Organic Chemistry Portal
Organic Chemistry Highlights

Monday, March 31, 2014
Jeffrey S. Bandar
Columbia University


Manfred T. Reetz at the Max-Planck-Institut Mülheim and Philipps-Universität Marburg developed (J. Am. Chem. Soc. 2013, 135, 1665. DOI: 10.1021/ja3092517) a mutated Thermoethanolicus brockii alcohol dehydrogenase for the enantioselective reduction of 4-alkylidene cyclohexanone 1. Using a new C2-symmetic chiral bisphosphine ligand (Wingphos, 5), Wenjun Tang at the Shanghai Institute of Organic Chemistry reported (Angew. Chem. Int. Ed. 2013, 52, 4235. DOI: 10.1002/anie.201300646) the rhodium-catalyzed asymmetric hydrogenation of β-aryl enamide 3. Qi-Lin Zhou of Nankai University utilized chiral spirophosphine oxazoline iridium complexes 8a and 8b for the asymmetric hydrogenation of unsaturated piperidine carboxylic acid 6 (Angew. Chem. Int. Ed. 2013, 52, 6072. DOI: 10.1002/anie.201301341) and 1,1-diarylethylene 9 (Angew. Chem. Int. Ed. 2013, 52, 1556. DOI: 10.1002/anie.201208606) with excellent selectivities.

The iron-catalyzed chemoselective hydrogenation of α,β-unsaturated aldehyde 11 was demonstrated (Angew. Chem. Int. Ed. 2013, 52, 5120. DOI: 10.1002/anie.201301239) by Matthias Beller at the University of Rostock. Jeffrey S. Johnson at the University of North Carolina at Chapel Hill showed (J. Am. Chem. Soc. 2013, 135, 594. DOI: 10.1021/ja310980q) that asymmetric transfer hydrogenation of racemic acyl phosphonate 14 yielded β-stereogenic α-hydroxy phosphonate 16, a reversal in diastereoselectivity observed in the case of α-keto ester analogues.

Gojko Lalic of the University of Washington developed (Org. Lett. 2013, 15, 1112. DOI: 10.1021/ol4001679) a monophasic copper catalyst system for the selective semireduction of terminal alkyne 17. Alois Fürstner and coworkers at Max-Planck-Institut Mülheim reported (Angew. Chem. Int. Ed. 2013, 52, 355. DOI: 10.1002/anie.201205946) the ruthenium-catalyzed trans-selective hydrogenation of alkyne 19. Macrocyclic alkynes could also be selectively hydrogenated to E-alkenes using this methodology.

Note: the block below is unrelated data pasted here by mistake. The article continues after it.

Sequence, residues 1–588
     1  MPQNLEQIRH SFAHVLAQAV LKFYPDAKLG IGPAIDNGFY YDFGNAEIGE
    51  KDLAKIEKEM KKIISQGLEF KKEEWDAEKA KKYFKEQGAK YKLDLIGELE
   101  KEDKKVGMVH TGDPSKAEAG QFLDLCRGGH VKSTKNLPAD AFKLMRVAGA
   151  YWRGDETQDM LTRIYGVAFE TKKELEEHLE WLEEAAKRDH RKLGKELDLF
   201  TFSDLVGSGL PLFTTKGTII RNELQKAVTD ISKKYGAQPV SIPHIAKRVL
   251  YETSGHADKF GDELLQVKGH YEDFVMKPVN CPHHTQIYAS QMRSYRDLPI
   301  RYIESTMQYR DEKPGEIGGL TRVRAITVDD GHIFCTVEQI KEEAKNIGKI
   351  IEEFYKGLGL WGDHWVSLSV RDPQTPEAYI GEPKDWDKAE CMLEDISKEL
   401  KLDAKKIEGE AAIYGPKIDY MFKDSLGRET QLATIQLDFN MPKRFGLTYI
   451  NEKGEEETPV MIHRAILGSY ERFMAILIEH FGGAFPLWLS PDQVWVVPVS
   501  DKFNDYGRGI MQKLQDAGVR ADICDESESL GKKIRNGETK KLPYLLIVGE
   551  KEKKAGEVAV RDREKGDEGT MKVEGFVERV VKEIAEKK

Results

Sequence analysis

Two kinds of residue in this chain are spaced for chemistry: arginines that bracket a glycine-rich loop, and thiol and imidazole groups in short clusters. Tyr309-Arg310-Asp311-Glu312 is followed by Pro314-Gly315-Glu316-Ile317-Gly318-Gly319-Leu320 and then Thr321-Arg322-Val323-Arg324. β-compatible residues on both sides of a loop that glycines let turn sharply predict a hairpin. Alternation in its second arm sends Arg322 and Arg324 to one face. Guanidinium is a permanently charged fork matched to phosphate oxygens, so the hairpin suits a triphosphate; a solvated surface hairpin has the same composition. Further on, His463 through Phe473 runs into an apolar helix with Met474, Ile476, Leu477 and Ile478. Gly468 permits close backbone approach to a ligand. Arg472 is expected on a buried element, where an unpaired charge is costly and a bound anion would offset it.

Bernhard Breit at the University of Freiburg found (Angew. Chem. Int. Ed. 2013, 52, 2231. DOI: 10.1002/anie.201207803) that a bimetallic Pd/Re/graphite catalyst system was highly active for the hydrogenation of tertiary amide 21 to amine 22. Professor Beller also discovered (Chem. Eur. J. 2013, 19, 4437. DOI: 10.1002/chem.201204633) that a commercially available ruthenium complex allowed for the effective transfer hydrogenation of aromatic nitrile 23 to benzyl amine 24. Notably, no reductive amination side products were observed.

Maurice Brookhart at the University of North Carolina at Chapel Hill used (Org. Lett. 2013, 15, 496. DOI: 10.1021/ol303296a) tris(pentafluorophenyl)borane as a highly active catalyst for the selective reduction of carboxylic acid 25 to aldehyde 26 with triethylsilane as a hydride source. The mild reduction of trans-2-phenylcyclopropane-1-carboxylic acid derivative 27 via a modified McFadyen-Stevens reaction was reported (Chem. Sci. 2013, 4, 1111. DOI: 10.1039/C2SC22045H) by Tohru Fukuyama of the University of Tokyo.

A straightforward method for the hydrofluorination of tosylhydrazone 29 to produce fluoroalkane 30 using readily available reagents was demonstrated (Chem. Comm. 2013, 49, 2154. DOI: 10.1039/C3CC00122A) by Lal Dhar S. Yadav of the University of Allahabad. Corey R. J. Stephenson at the University of Michigan combined (Chem. Comm. 2013, 49, 4352. DOI: 10.1039/C2CC37206A) a Garegg-Samuelsson reaction with photoredox flow chemistry to develop a one-pot procedure for the deoxygenation of alcohol 31.

J. S. Bandar, Org. Chem. Highlights 2014, March 31.